International Journal of Population Research

Volume 2012 (2012), Article ID 875310, 6 pages

http://dx.doi.org/10.1155/2012/875310

## A Note on Child Policy and Fertility in an Overlapping Generations Small Open Economy: When the Labour Market Institutions Matter

^{1}Department of Economics and Management, University of Pisa, Via Cosimo Ridolfi, 10, 56124 Pisa, Italy^{2}Department of Law, University of Genoa, Via Balbi, 30/19, 16126 Genoa, Italy

Received 23 March 2012; Revised 2 July 2012; Accepted 23 July 2012

Academic Editor: Alberto Davila

Copyright © 2012 Luciano Fanti and Luca Gori. This is an open access article distributed under the Creative Commons Attribution License, which permits unrestricted use, distribution, and reproduction in any medium, provided the original work is properly cited.

#### Abstract

We examine how fertility reacts to the public provision of child allowances in a small open economy with overlapping generations. When the labour market is competitive, we find that a child allowance policy acts as a fertility-enhancing device. In contrast, when the labour market is unionised the child policy may be ineffective.

#### 1. Introduction

A stylised fact that has emerged in several developed countries is the decline in population growth (see, e.g., [1]). In order to try to reverse the fertility drop, both economists and politicians have suggested the use of family policies to support child rearing of families. Several instruments have been proposed and adopted in European countries as a remedy to low fertility, such as child (cash or in-kind) subsidies, parental leave (paid or unpaid) schemes, parents-friendly workplaces and the public provision of day-care centres. Moreover, tradable procreation entitlements have also been suggested (see [2]).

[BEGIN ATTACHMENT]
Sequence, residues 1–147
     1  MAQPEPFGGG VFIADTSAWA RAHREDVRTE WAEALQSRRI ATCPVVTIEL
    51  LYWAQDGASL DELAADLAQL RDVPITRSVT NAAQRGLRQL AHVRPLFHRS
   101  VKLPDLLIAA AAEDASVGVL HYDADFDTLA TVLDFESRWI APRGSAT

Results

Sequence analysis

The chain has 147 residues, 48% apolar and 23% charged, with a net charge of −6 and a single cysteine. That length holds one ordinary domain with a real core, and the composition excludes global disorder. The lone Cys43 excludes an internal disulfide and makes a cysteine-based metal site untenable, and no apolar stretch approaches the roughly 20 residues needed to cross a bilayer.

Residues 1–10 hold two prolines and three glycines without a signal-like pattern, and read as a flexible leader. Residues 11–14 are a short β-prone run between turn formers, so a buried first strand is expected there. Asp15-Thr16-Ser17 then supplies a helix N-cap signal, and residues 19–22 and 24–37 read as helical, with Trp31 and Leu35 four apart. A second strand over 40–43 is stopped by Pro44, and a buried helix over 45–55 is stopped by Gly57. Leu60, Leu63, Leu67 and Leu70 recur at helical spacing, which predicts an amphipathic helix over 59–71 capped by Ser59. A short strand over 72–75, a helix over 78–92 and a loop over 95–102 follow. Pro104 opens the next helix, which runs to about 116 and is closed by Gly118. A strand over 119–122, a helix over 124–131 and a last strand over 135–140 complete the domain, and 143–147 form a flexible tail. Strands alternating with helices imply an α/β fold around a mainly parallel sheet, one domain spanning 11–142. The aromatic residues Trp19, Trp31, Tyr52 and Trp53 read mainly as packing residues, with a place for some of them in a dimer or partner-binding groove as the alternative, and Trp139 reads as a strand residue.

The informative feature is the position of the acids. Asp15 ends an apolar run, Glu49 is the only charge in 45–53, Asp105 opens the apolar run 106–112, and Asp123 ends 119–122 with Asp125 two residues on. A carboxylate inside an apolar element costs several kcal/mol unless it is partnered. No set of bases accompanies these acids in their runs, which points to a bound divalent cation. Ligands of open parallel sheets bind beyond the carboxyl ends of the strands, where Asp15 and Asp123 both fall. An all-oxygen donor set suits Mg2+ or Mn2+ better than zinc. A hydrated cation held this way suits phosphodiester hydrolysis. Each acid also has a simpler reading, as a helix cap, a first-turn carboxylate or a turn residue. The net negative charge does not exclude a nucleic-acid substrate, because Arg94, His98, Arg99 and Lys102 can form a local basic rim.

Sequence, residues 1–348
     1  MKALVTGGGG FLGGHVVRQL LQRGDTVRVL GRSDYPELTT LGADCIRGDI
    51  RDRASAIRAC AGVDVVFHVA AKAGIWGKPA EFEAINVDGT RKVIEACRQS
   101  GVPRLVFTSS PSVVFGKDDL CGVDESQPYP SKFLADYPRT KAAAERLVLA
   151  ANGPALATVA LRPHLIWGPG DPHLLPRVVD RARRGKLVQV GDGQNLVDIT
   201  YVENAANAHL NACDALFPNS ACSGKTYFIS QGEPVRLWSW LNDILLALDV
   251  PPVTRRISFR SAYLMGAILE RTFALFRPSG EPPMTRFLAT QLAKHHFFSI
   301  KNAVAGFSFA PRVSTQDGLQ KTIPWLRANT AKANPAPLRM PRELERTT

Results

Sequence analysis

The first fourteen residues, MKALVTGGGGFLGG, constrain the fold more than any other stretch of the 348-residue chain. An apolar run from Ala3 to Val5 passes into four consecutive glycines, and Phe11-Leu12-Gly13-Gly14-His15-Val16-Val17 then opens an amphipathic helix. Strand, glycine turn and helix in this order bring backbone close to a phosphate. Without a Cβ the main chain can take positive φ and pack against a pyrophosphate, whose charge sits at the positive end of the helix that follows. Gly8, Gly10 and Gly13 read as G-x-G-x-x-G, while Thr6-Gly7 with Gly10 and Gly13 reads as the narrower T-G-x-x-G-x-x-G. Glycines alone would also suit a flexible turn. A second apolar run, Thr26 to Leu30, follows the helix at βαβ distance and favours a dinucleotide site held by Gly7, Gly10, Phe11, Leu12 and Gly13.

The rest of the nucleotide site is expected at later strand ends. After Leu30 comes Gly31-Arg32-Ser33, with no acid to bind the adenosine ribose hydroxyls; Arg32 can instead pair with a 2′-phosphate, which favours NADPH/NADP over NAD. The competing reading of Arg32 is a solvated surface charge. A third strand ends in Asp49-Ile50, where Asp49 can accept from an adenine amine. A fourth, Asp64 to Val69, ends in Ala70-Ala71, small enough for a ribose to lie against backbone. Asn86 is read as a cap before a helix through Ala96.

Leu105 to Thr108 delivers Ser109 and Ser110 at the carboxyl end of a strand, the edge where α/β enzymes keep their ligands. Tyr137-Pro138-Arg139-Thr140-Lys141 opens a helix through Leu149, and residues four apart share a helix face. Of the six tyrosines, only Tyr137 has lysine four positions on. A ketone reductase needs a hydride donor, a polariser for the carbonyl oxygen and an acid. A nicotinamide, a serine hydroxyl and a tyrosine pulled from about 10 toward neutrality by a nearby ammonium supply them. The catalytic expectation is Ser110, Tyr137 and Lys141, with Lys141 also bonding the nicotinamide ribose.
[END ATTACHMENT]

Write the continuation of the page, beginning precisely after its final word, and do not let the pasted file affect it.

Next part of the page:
A vast theoretical literature has investigated the effects of family policies in both partial equilibrium models (e.g., [3, 4]) and general equilibrium models (e.g., [5–9]) with competitive labour markets. However, scarce attention has been paid to the possible interaction between unions’ behaviour (which is a rather ubiquitous feature especially in Europe (see Daveri and Tabellini [10] and Corneo and Marquardt [11])) and the public system of child support, with some exceptions [12].

In this paper we analyse how the public provision of child allowances affects fertility in a small open economy with overlapping generations (OLG) and unions. The paper is related to Fanti and Gori [12], which show that a child tax can effectively be used to get the twofold objective—crucial for developed countries plagued by both high unemployment and low fertility—of reducing unemployment and increasing fertility in a general equilibrium closed economy with an exogenously given minimum wage. This allows us to investigate whether and how child subsidies affect fertility in a model where: (i) the effects of the child allowance on capital accumulation are absent, and (ii) wages are endogenously determined by the union. We find that while under competitive labour markets the child allowance acts as a fertility-enhancing device, under unionised labour markets the child allowance reduces fertility because of the corresponding increase in unemployment. Therefore, in a different context than Fanti and Gori [12], we find that child subsidies may be questioned as an instrument to increase fertility.

The paper is organised as follows. Section 2 outlines the model. Section 3 shows the importance of labour market institutions in determining how child allowances affect fertility in a small open economy. Conclusions are drawn in Section 4.

#### 2. The Model